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Chinese Visit Hong Kong to Honor

Tiananmen Protesters During Crackdown

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usnews Twenty-five years after hundreds of protesters were killed by armed soldiers in what has become known as the Tiananmen Square Massacre, thousands gathered at a vigil in Hong Kong in remembrance of the event that still has China stirring.

Participants at the vigil observed a moment of silence, placed wreaths to honor those lost and stood around a life-size Goddess of Democracy at Victoria Park. The heart of Beijing was a different story, according to reports. The city, which was overflowing with activists speaking out against leaders of the People’s Republic of China in 1989, was bare Wednesday with the exception of police and soldiers lining the streets, The Washington Post reported.

This was no coincidence. The government has been doing everything in its power to keep Tiananmen out of people’s minds and out of the public eye. As a result, Chinese citizens who wanted to commemorate the protest traveled to Hong Kong, where they could avoid the country’s crackdown.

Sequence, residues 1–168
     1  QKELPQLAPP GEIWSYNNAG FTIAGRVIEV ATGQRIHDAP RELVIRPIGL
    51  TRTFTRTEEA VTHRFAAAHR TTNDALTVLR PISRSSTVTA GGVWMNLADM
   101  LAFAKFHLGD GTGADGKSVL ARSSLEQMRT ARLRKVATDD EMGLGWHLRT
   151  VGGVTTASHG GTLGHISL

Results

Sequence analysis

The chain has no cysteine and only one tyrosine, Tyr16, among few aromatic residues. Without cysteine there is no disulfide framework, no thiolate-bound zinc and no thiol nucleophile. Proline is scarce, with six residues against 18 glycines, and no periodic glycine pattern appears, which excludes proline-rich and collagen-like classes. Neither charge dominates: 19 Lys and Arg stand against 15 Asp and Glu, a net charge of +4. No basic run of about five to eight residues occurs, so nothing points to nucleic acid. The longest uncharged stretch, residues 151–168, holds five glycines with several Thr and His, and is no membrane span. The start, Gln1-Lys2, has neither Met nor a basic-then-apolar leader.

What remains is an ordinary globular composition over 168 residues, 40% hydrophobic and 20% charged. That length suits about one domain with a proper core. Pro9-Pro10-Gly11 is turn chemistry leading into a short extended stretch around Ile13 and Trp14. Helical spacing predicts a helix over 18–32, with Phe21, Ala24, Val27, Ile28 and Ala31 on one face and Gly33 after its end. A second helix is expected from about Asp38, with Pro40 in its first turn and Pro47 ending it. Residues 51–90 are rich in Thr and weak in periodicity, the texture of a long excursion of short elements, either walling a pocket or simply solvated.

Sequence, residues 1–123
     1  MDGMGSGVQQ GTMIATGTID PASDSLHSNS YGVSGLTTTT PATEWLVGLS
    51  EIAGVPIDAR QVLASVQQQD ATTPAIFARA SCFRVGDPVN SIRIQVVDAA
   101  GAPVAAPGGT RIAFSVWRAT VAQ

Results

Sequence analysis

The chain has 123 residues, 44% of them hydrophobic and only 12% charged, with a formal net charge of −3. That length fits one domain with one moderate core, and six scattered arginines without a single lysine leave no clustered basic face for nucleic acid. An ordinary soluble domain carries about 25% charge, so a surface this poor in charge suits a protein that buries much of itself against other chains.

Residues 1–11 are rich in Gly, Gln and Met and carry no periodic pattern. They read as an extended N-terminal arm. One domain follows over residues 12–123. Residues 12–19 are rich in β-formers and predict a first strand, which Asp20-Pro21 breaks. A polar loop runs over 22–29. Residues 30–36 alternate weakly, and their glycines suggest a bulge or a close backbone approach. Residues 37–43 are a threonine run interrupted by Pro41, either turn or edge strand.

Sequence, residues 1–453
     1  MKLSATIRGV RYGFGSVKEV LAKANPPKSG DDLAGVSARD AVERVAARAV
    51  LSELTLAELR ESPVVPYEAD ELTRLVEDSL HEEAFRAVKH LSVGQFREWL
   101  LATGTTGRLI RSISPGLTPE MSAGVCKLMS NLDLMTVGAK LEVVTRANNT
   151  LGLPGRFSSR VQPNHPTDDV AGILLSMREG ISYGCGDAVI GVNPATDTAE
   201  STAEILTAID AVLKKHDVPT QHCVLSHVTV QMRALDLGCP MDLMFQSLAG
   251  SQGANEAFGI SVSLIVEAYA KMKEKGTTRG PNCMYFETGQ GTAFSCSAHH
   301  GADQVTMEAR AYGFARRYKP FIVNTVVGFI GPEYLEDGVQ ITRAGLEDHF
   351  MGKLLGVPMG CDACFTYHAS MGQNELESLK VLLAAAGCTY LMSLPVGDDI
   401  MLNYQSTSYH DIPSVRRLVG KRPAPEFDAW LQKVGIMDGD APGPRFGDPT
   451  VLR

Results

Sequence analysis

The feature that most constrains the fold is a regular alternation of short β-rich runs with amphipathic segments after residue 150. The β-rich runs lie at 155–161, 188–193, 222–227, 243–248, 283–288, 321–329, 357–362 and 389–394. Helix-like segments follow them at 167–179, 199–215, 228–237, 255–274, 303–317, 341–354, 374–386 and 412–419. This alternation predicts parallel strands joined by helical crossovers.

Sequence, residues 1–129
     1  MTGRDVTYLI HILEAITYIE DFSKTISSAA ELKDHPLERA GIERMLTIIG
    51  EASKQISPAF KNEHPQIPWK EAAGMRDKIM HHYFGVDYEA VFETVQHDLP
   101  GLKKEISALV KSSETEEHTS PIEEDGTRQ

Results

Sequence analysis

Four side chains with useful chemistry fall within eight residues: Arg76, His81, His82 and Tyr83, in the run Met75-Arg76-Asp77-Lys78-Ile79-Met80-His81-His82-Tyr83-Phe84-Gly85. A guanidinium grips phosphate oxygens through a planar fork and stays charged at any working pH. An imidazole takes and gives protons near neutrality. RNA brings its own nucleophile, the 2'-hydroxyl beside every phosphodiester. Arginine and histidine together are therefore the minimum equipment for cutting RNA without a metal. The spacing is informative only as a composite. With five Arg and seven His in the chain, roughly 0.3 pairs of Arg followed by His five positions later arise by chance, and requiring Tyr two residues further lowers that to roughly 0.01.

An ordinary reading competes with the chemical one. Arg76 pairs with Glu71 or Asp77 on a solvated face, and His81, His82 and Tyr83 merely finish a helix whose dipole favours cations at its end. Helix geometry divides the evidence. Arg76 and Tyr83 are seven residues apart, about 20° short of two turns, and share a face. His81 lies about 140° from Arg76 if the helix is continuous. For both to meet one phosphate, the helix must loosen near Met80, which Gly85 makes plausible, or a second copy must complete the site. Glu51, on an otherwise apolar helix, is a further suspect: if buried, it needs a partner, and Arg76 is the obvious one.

In China, what occurred on June 4th is taboo – some websites were blocked this week to prevent chatter and journalists were warned that informants were on the lookout for activity related to the issue, according to The Washington Post.
By : Dimofinf
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Comments ( 3 )

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  • #1
    09-07-2014 12:12 PM Matt :
    This is the tip of the iceberg. China will soon erupt with voices . Why? They're progressing as a society and with that will come the call for free speech. People want to live more comfortable, yes, but the chosen few will want a voice, like our founding fathers. These will be great men and women whom will shape Chinese history and create a future democracy. But until then, they will enjoy their access to luxury and new goods/ commerce. That will last only so long. 1Bn ppl!!
  • #2
    09-07-2014 12:13 PM Abed :
    I don't think the current status is still that "most people in China are aware of the incident, but no one dare to talk about it", but "no one care to talk about it". I'm 100% against what Chinese government did 25 years ago, but what I'm not agree about is their way to suppress the student movement, instead of their decision to crack it down.
  • #3
    09-07-2014 12:13 PM Lainer :
    People's democratic governments aren't motivated by profit. So this never happens there.